WORLD: MEDIUM OF THE WEEK - Eastweek makes a comeback by replicating rival

The gossip title's relaunch strategy left many readers confused, Jo Bowman says.

When the Hong Kong celebrity gossip magazine Eastweek relaunched in September after almost a year out of print, it was with a strangely familiar look, and with one of the strangest promotions the city has seen in years.

Readers were encouraged to buy Eastweek's rival, Next Magazine, and deface it by tearing off the cover. When they handed in the cover at their newsagent, they would be given a free copy of the first issue of the new Eastweek, published on 3 September.

Urging punters to buy the competition was a novel strategy that was lost on many Hong Kong media watchers. But Eastweek's media agency, Universal McCann, believed that there was method in this madness.

Universal's media director, Pauline Chu, says the promotion, called "You give us face, we give you money", played on the deeply entrenched Chinese concept of losing face, or showing disrespect.

Eastweek's previous incarnation stopped publishing last October after being declared unfit for sale by Hong Kong's Obscene Articles Tribunal.

It had run a photo of a semi-naked actress on its cover that had been taken during her kidnapping more than ten years earlier, prompting a huge public outcry.

The magazine was bought earlier this year by Global China Group Holdings - which also publishes the Chinese-language newspaper Sing Tao Daily and its English-language stablemate, The Standard.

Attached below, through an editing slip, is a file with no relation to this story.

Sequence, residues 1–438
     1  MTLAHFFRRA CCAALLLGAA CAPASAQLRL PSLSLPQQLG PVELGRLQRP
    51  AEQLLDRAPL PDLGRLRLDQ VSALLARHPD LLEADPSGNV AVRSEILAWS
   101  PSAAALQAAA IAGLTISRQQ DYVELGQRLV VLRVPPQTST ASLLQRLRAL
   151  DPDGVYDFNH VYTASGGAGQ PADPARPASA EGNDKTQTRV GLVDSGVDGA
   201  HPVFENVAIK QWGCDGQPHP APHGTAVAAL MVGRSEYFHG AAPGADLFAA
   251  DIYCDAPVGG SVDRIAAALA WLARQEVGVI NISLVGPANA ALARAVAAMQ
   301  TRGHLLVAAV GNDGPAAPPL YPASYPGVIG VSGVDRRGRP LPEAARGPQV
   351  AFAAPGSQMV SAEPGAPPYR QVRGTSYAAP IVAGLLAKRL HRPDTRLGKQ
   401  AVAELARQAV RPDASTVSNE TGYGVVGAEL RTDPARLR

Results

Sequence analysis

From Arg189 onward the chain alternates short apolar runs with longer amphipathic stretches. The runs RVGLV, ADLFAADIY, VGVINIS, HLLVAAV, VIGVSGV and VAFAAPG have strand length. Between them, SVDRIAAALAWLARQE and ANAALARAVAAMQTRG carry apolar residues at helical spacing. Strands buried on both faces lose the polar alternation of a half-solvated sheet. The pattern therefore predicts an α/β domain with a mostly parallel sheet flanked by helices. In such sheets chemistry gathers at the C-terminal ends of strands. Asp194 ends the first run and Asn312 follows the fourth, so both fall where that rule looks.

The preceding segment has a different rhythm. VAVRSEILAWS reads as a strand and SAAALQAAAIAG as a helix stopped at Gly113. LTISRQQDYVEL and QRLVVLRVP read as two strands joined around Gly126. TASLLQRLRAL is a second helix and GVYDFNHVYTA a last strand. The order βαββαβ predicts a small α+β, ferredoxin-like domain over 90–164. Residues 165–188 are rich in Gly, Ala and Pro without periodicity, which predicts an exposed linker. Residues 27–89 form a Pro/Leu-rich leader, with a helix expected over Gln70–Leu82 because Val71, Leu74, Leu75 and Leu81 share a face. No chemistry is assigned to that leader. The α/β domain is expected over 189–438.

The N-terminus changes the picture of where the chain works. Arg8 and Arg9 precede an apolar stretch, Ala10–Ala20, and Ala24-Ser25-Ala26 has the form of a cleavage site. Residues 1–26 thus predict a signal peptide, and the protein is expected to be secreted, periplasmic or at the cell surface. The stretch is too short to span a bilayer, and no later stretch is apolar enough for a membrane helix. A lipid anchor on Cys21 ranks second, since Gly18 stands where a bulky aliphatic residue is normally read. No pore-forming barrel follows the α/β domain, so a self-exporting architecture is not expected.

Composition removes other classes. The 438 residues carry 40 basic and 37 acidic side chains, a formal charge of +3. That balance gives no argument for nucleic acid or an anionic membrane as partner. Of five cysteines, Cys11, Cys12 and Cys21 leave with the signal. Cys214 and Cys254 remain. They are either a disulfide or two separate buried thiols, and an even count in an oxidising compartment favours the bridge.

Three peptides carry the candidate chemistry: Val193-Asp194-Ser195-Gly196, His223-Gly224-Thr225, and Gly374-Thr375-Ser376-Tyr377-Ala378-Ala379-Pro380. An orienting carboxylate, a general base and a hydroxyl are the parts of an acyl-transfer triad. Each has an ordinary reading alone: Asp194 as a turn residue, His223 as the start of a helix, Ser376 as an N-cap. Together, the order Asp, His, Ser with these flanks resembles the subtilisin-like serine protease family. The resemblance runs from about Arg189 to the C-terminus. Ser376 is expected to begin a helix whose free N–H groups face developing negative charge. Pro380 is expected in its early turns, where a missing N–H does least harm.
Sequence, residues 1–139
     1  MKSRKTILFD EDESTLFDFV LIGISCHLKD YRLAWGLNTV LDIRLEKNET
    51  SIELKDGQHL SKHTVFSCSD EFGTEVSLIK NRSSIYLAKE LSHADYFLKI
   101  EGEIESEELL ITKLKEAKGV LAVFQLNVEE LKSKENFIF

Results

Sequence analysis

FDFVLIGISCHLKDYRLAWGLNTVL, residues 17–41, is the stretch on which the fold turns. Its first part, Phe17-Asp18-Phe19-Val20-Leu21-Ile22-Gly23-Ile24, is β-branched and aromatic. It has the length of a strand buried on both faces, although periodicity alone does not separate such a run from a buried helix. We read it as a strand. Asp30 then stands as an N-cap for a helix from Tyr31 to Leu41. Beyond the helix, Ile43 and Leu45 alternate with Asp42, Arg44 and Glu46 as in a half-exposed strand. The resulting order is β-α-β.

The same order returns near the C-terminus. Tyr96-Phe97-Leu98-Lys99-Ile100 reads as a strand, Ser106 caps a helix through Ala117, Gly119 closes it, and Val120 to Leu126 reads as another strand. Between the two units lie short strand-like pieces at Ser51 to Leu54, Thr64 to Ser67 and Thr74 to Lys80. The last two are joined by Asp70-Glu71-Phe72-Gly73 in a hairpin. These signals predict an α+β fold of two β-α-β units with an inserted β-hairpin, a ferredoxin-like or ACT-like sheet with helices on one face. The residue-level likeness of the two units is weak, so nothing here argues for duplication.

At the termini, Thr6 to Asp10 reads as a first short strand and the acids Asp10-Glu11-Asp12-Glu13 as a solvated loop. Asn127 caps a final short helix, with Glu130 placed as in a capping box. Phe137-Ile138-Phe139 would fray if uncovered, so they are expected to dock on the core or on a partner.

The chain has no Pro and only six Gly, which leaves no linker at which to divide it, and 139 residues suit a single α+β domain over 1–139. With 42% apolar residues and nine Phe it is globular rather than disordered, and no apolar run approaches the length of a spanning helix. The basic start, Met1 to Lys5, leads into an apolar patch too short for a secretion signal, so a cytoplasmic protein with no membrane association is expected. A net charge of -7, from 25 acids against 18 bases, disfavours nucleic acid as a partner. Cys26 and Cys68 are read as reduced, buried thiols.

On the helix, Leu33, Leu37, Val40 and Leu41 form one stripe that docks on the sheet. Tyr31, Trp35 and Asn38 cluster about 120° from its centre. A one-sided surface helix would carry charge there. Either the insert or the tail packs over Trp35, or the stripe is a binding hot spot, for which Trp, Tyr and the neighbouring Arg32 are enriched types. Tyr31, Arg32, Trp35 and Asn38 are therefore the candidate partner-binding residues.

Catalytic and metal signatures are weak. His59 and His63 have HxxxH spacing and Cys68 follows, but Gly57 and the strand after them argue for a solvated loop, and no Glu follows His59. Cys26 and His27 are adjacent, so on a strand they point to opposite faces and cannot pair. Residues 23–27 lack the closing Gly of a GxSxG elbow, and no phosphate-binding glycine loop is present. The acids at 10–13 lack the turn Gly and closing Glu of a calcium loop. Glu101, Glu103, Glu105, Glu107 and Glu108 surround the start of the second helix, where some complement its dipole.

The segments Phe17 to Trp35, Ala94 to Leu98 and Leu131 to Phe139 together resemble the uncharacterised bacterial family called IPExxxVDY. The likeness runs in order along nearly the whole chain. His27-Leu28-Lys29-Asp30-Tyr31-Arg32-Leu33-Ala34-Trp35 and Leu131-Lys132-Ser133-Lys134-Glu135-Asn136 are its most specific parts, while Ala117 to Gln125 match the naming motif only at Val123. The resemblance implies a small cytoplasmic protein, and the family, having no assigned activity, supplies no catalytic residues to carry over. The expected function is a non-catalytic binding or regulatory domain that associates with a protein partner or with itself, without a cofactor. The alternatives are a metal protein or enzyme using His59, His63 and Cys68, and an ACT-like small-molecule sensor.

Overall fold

With the new owner comes what management says is a new, more considered approach to covering celebrity news, and a design that is almost an exact replica of Next's.

The colours and fonts - and even design tools such as arrows in front-page headlines - are so similar that many readers have difficulty telling the titles apart.

Almost all of Eastweek's editorial staff have been poached from Next.

Eastweek's publisher, Morris Ho, was formerly the executive director of Next's parent company, Next Media. He was also the deputy editor-in-chief of Next Magazine from 1990 to 1999.

An Eastweek ad campaign ahead of launch had pictures of the Next boss, Jimmy Lai, on top of bus shelters in Hong Kong's central business district saying: "I'm waiting." A TV ad also ran on Cable TV.

Ho has said publicly that Eastweek's copycat strategy is an attempt to snatch share from Next by stealing its winning formula. Next has been the market leader in the sector for more than a decade.

Global China is hoping for Eastweek sales of between 60,000 and 80,000 copies per issue, and to break even within two years. Eastweek comes out each Wednesday, a day ahead of Next.

Editorially, the focus is as much on celebrities as it ever was. The inaugural issue featured an interview with Carina Lau, the actress whose picture caused the old Eastweek to shut down.

Readers says that content-wise, it is hard to distinguish between Eastweek and Next, and between the old and new Eastweek. But Eastweek insists it is going about its news gathering in a less intrusive way than its rival.

Advertising in Eastweek is considerably cheaper than in Next, and Eastweek is reported to have turned away 30 advertisers who wanted slots in its first issue, which carried 180 pages of ads.

Publisher: Global China Group Holdings

Frequency: Weekly, every Wednesday

Cover price: HK$20 (about £1.60)

Advertisers: Sony, Pfizer, FILA, Samsung mobile, Metro newspapers

Full-page colour ad rate: HK$45,000 (about £3,600)

Direct rivals: Next Magazine


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